Are You Confusing FICO with Credit Bureaus?
April 30, 2020, by Rob Kaufman
There's a lot of information out there about FICO. Many people use the terms FICO, FICO® Scores, Credit Scores, Credit Bureau, Credit Reporting Agency, etc. interchangeably - as though they have the same meaning. These types of statements often create confusion. Some people think FICO is a credit bureau and some people think that FICO is just a unit of measurement, like Fahrenheit! Both are wrong and it's time to clear up some of the confusion.
Who and What is FICO?
Fair Isaac Corporation (FICO) is the company that develops and maintains the mathematical formula to calculate FICO® Scores. FICO calculates your FICO Scores using information kept at the credit bureaus.
This leads to 2 important takeaways:
- The three major credit bureaus (Experian, Equifax and TransUnion) compile and store data on individuals' credit habits.
- FICO provides the algorithm used to create your FICO Scores based on the data that each credit bureau has compiled.
This should help clear up the fact that although FICO works with the credit bureaus, it is not actually a credit bureau (AKA "credit reporting agency").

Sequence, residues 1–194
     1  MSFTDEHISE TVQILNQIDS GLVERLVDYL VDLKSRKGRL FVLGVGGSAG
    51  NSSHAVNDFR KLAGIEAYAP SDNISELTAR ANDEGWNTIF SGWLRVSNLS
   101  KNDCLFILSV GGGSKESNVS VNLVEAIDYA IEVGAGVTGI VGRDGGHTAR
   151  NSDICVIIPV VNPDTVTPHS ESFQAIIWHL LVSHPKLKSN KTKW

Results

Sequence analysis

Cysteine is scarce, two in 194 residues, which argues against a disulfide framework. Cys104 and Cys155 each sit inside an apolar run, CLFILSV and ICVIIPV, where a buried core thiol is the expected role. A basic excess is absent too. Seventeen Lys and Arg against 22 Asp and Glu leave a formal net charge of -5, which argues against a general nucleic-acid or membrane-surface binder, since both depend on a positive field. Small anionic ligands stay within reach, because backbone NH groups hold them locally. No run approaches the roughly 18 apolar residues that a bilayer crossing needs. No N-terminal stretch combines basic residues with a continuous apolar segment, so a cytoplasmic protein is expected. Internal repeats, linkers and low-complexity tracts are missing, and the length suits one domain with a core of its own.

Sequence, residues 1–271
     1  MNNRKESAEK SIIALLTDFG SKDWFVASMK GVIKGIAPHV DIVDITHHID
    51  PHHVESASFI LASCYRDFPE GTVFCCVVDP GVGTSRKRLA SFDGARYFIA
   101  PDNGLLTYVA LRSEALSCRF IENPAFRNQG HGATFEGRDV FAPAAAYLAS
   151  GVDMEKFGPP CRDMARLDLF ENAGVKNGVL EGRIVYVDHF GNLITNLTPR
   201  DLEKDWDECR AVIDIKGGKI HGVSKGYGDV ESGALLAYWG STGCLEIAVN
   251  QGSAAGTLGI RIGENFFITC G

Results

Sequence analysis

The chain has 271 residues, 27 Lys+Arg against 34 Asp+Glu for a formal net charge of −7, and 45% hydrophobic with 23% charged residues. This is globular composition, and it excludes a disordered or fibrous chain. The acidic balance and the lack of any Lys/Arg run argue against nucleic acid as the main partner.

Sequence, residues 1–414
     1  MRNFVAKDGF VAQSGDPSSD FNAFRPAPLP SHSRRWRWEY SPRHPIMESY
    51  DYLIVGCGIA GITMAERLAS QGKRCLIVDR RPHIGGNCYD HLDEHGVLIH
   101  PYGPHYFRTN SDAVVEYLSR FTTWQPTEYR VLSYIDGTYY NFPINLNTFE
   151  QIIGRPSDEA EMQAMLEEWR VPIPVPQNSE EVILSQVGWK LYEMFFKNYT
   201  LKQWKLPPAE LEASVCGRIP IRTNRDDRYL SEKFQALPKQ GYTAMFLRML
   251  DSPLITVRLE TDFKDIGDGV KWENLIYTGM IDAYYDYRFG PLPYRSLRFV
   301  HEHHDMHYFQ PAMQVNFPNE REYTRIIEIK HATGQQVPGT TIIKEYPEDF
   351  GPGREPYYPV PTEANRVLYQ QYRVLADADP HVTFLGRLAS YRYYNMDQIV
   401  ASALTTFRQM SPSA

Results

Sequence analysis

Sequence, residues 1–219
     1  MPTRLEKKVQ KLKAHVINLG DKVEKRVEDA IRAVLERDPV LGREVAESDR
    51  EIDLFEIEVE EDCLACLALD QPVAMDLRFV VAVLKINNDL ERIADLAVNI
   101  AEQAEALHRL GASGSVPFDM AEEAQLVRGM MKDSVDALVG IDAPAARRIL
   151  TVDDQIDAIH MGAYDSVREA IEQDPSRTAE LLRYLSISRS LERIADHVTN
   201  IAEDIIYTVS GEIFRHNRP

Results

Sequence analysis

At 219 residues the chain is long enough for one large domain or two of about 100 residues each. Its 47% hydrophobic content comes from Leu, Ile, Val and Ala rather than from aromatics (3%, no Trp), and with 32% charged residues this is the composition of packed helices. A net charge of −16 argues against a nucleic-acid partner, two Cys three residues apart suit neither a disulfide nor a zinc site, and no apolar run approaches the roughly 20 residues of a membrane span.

Who and What is a Credit Bureau (also known as a Credit Reporting Agency)?
Now that you know a bit more about FICO, let's take a look at the 3 major credit bureaus: Experian, Equifax and TransUnion.
Lenders report to these three credit bureaus and the credit bureaus compile information about a consumer's borrowing habits. The credit bureaus create reports that are based on this information called "credit reports." The reports organize the borrowing information into different categories: accounts that are in "good standing", "bad standing" and other categories such as bankruptcies. We call this organized borrowing information "credit report data."
Creditors typically use the information from these reports, FICO® Scores, and other financial data to gauge a borrower's risk.
Each bureau collects or stores borrower information a little differently, so you can expect that your credit report data at one bureau could be different than your credit report data at another bureau. This is a reason why your FICO Score can be different for each bureau. If the underlying credit report data is different, your score will likely be different.
FICO and Credit Bureaus - Is the Difference Clear?
So now that you know a lot more about FICO and the credit bureaus, is the difference between them clear? Basically, the credit bureaus capture, gather and provide the data about a consumer's borrowing habits and debt. FICO uses their proprietary algorithms to provide credit scores based on each of the three credit bureau's data. If there's still any confusion, you can always check this out.